We were all schooled in the adage do what you love and the money will follow. In fact, this is the biggest lie that ever hit the cold hard earth. There's no guarantee that our work is going to immediately kick-start in the traditional, money-defined sense just because we love it. Truly, we have no control over outcomes, and since art is something we are inventing from inside our souls, the world is usually not yet clamoring for it while we’re inventing it.
What that means to our lives is very simple: if we want to make art over the long-haul—meaning, have a life of artistry—then we need to put supports under our feet.
But who in the world received that kind of instruction? I certainly didn't. What I got was a message that artists struggle, they give up their art to raise families or take day jobs, and the only people who get to be artists are the privileged. But look around: there are millions of us creating art with ambition. So we need a new milieu, a new way of thinking about living an artist’s life.
The good news is, we really can learn to become healthy artists. We can learn to balance time, day jobs, money, family, work ethics, and motivation for making art.
We've been culturally brainwashed into thinking that ‘a real artist,’ is supposed to be ‘tortured’ by his or her art, then instantaneously discovered at the drugstore counter, then somehow be magically gifted by a fairy godmother with artistic work ethics. But that's ridiculous. It’s like expecting that we can jump in an airplane, without ever having learned to fly, and take off without knowing how the gauges work. We would never do that. Yet that's what we expect of ourselves as artists.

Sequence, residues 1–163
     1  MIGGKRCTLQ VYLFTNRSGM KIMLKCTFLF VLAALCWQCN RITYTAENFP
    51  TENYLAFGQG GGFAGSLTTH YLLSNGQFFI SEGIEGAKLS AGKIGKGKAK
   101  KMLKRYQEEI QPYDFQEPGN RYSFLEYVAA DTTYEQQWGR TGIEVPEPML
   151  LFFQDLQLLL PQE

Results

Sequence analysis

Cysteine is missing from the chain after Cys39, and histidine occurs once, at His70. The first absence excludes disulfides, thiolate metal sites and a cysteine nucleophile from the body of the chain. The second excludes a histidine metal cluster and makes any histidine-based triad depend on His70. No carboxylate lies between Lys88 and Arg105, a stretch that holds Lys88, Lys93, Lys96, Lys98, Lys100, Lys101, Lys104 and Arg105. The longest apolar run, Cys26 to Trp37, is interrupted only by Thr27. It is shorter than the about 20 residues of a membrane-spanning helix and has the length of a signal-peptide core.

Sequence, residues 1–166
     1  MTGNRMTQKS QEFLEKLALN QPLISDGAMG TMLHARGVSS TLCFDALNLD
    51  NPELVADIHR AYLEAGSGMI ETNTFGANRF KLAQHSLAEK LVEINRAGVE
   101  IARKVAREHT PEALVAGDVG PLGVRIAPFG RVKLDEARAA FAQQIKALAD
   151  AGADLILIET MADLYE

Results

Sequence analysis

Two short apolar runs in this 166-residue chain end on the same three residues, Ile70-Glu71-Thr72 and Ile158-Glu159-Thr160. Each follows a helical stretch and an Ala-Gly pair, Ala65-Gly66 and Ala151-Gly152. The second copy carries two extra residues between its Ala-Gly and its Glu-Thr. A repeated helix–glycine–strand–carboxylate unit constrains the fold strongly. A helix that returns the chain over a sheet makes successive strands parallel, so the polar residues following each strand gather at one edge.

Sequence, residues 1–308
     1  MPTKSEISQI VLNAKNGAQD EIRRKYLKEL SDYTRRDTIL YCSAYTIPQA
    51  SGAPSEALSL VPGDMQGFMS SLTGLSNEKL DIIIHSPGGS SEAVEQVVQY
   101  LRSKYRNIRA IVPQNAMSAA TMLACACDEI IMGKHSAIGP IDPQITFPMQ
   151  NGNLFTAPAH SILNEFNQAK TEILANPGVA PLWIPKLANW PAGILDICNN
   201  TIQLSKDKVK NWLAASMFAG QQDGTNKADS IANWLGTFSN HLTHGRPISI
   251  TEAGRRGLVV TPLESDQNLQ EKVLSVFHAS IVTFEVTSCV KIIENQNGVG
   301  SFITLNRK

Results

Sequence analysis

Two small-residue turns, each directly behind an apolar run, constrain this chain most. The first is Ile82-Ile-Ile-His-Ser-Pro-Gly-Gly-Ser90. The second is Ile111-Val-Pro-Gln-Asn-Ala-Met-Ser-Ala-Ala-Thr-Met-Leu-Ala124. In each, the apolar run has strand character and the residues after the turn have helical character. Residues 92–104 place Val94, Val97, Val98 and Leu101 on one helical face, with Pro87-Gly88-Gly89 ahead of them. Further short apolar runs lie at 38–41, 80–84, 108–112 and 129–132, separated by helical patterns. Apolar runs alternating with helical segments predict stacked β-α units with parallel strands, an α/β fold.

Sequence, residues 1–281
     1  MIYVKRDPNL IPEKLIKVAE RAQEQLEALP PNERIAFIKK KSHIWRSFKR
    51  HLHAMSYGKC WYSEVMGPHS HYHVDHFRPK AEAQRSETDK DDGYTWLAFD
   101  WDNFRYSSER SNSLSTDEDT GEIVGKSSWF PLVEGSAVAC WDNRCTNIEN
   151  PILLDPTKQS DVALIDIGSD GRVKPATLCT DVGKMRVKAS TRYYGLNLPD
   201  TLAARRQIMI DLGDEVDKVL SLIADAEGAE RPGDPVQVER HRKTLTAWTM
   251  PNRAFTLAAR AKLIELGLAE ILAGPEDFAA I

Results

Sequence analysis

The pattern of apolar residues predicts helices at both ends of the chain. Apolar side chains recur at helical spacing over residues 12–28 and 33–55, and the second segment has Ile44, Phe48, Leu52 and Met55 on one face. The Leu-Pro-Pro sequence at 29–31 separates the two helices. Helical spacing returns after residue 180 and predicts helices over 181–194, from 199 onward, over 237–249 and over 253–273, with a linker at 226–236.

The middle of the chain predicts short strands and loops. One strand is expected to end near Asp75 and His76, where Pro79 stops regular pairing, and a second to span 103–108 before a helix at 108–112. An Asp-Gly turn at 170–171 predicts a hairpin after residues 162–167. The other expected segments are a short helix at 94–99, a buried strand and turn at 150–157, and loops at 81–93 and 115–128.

So how do we balance all of it? How do we learn what we need to learn to live a healthy artist’s life?
First, we have to give up the myth of starving as a motivator. Artists don’t do struggling well. We are sensitive creatures, and struggling runs too much electricity through already-delicate circuits.
Then, we need to learn some simple tools. I talk about these tools in my book—easy things we can apply as we’re learning how to get our hands in our art regularly. We need to under-expect and work steadily, not in big bursts. We need a day job we can live with, one that doesn’t promote angst. We need clarity in our money—not so we can be good little citizens, but so we can fund the art we love. We need simple time-mapping exercises, easy motivational tools for beginning, as well as a framework for measuring success based on having our hands in our artwork, versus what we earn. There are skills we can apply to make all of these things work together.